Natural light helps to keep our ‘circadian rhythms’ in check, which helps to promote healthy sleep patterns. Like all other animals that are active during the day, us humans are naturally tuned in with the changes in light outside. Sensors in our eyes can detect the difference between morning sunlight and afternoon sunlight, which in turn has an effect on the levels of our melatonin and serotonin hormones which work together to control our inner body clock.
A well regulated and normal circadian rhythm is linked to good mental health and wellbeing, and the health benefits of having a good sleeping routine are well documented, contributing to everything from managing a healthy weight to our immune systems. Even in offices and healthcare facilities, natural light has been shown to reduce sick leave and improve recovery times of long-term patients.
Sunlight can play a great role in lifting our spirits and making us feel happier. It is common for the onset of winter to make us feel a little gloomy and lethargic, and for the first signs of spring to give us a little bounce in our step. Seasonal Affective Disorder (SAD) is a recognised type of depression that affects 3% of the population and is largely caused by the changing seasons. About 20% of the people in the UK experience mild symptoms of SAD, which are usually passed off as the ‘winter blues’. It is believed to be triggered by the lack of sunlight in winter, and light therapy is one of the most effective and popular treatments for SAD.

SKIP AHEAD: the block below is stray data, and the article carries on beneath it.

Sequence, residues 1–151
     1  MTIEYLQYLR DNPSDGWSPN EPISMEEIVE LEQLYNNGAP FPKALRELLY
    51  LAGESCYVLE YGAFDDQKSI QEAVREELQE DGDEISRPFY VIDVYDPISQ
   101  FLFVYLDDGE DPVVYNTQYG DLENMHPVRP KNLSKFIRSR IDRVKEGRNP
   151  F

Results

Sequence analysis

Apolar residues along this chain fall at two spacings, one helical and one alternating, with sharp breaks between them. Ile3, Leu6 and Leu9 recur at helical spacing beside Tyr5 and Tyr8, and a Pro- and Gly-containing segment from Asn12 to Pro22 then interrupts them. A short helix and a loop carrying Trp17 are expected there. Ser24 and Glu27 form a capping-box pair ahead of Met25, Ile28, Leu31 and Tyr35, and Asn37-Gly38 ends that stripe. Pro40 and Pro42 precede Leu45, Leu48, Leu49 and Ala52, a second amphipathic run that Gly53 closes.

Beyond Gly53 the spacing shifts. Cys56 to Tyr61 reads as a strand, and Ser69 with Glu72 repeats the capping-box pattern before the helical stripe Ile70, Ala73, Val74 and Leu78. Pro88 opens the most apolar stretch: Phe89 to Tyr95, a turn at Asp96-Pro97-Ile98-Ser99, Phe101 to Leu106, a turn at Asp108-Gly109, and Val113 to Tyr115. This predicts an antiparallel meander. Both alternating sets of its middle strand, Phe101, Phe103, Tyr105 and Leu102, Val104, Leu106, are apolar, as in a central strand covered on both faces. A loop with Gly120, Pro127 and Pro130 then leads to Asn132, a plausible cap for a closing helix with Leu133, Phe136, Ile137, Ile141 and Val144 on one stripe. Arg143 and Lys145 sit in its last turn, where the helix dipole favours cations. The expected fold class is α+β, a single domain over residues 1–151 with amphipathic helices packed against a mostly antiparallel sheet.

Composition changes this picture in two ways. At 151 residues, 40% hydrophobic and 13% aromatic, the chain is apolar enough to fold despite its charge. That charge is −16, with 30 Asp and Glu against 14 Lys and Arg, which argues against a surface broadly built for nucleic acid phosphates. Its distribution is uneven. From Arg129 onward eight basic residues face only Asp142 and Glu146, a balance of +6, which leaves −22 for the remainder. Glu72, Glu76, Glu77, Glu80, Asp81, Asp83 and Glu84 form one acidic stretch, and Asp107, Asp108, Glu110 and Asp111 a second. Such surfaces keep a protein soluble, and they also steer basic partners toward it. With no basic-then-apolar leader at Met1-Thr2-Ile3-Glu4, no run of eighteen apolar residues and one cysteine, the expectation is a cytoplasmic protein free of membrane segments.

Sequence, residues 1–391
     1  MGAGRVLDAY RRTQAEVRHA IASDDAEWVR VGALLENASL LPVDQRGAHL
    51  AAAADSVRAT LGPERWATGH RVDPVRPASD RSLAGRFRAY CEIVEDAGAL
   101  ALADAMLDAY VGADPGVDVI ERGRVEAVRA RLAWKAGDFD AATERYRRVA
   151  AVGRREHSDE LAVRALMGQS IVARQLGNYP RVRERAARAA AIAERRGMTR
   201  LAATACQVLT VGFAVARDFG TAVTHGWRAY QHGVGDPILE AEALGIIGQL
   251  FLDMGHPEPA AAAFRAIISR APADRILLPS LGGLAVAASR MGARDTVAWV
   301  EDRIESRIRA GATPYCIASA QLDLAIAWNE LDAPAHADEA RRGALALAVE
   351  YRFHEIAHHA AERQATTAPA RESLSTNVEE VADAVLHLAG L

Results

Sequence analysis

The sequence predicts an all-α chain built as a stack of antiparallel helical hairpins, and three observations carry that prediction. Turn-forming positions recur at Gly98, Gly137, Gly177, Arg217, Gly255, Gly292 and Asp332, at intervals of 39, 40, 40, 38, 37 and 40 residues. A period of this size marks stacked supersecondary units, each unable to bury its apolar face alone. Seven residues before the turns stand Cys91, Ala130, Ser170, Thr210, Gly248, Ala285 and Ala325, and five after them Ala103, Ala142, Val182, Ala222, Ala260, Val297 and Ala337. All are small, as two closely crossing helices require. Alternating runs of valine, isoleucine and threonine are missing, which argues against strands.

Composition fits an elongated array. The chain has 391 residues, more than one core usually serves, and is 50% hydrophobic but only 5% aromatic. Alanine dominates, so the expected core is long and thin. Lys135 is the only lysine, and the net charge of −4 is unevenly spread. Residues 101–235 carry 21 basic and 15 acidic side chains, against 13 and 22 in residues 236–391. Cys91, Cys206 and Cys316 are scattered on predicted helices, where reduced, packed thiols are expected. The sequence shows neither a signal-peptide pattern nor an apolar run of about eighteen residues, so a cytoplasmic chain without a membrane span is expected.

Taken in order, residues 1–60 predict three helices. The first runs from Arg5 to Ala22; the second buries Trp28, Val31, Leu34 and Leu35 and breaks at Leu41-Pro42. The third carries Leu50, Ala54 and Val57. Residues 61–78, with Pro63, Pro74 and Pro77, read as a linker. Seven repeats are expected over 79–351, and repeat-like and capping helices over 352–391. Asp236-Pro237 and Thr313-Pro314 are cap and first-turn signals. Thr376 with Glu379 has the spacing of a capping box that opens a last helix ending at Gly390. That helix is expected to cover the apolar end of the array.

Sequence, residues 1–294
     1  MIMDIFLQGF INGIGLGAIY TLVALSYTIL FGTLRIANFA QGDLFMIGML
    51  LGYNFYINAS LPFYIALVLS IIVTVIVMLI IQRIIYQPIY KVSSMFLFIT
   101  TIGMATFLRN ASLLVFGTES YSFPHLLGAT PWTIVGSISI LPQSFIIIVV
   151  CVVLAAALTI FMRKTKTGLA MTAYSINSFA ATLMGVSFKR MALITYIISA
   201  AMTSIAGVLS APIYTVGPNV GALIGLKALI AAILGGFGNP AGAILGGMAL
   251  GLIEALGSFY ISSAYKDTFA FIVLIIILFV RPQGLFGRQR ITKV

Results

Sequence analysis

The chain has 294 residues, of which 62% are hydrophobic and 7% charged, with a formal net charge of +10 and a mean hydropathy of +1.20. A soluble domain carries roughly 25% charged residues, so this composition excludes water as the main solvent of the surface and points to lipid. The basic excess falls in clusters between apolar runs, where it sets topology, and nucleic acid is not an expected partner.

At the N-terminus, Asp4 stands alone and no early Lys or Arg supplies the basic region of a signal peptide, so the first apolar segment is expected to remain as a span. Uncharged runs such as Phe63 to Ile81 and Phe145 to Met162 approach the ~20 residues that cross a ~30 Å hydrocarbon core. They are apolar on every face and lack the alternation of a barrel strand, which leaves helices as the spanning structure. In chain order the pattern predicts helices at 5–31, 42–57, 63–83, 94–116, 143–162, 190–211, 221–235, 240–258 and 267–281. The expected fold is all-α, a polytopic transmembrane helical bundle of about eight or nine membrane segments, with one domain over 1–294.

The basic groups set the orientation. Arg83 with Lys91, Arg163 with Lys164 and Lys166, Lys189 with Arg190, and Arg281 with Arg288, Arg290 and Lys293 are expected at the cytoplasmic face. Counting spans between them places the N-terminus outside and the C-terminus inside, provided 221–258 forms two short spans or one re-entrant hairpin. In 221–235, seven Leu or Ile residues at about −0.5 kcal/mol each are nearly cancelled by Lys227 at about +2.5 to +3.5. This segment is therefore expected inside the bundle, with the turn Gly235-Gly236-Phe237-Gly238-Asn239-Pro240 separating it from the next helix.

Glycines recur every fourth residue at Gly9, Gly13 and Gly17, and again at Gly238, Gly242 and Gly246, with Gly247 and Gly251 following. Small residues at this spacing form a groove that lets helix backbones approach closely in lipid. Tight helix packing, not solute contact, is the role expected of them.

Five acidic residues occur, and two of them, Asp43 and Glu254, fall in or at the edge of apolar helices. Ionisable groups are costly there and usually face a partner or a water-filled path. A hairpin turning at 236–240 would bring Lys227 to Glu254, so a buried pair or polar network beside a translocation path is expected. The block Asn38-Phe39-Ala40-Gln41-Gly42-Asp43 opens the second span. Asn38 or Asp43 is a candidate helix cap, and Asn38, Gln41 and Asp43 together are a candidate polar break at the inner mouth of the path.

Make an impact with a garden room or orangery
You can’t have natural light in your home without windows and glazing, and large windows that maximise on the sunshine coming into your home also means that you are taking advantage of the views out of your home, looking out on the property’s surrounding environment. Encouraging the connection to an external green space, or surrounding community promotes a sense of wellbeing.
Having a transparent area in the home, such as an orangery or garden room, combines the multiple benefits of both light and space for you and your family to benefit from. A bright and spacious room with a high proportion of glazing can enhance your wellbeing, both physically and psychologically.
With wide, high windows and roof lanterns, a glazed extension will let plenty of natural light into your home, enabling sunlight to stream in at all times of the day and eliminating the need for electrical lighting during daylight hours. A connection to the outside garden and surrounding nature helps to promote a sense of wellbeing for everyone in the family, offering expansive views to younger children who might not ordinarily be tall enough to look out of standard windows.
As always with our health, balance and moderation are key. Unfortunately, some glazed extensions can run the risk of overheating, so this is where good design is essential to keep the room feeling comfortable and inviting all year round. Natural ventilation in the form of roof vents encourages cross ventilation in the room without drafts, encouraging warm air to rise up and out of the room. The use of glazing with a solar glare coating will help to reflect solar heat off the glass and away from the room inside, preventing overheating. It is vital to ensure that the kind of coating used does not offset the benefits gained from sunlight, so the kind we use is called SN70/35, a very neutral glass which lets in a very high level of visible natural light while reflecting 65% of the solar heat, reducing glare and UV.